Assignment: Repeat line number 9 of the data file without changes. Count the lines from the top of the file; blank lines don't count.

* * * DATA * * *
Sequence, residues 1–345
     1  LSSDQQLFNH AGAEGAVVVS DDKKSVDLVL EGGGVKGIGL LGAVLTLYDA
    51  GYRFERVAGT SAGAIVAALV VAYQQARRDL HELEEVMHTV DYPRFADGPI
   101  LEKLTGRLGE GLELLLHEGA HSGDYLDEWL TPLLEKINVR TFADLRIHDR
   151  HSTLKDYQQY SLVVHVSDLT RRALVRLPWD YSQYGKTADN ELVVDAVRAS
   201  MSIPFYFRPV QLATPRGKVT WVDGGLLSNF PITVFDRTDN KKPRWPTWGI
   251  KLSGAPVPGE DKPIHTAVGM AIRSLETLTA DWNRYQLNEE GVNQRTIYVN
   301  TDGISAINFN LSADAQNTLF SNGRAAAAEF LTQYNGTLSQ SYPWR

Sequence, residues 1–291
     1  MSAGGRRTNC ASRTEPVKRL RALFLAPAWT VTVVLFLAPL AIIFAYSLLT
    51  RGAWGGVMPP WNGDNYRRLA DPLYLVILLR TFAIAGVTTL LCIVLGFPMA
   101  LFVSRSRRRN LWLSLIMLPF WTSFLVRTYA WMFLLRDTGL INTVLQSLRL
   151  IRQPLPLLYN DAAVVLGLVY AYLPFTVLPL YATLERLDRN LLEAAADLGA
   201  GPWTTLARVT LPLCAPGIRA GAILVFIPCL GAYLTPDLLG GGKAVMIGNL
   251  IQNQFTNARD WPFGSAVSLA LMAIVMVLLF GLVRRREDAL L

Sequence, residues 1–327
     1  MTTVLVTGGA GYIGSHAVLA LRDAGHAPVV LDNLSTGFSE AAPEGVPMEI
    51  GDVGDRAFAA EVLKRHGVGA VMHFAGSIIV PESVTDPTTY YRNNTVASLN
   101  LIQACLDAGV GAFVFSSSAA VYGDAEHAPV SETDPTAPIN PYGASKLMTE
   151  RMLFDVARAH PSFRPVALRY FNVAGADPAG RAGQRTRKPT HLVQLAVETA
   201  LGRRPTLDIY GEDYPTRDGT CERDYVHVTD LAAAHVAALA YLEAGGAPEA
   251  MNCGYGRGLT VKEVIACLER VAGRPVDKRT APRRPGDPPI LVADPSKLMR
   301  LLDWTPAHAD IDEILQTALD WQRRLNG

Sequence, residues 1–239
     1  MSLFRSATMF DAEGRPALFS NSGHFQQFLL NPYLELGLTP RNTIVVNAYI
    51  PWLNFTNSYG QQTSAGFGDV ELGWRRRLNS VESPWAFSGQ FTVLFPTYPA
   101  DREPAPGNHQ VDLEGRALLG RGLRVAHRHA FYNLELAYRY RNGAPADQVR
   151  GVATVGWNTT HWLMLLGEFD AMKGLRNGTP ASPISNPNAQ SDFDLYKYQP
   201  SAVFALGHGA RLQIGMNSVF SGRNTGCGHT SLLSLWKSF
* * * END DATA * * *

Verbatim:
Sequence, residues 1–291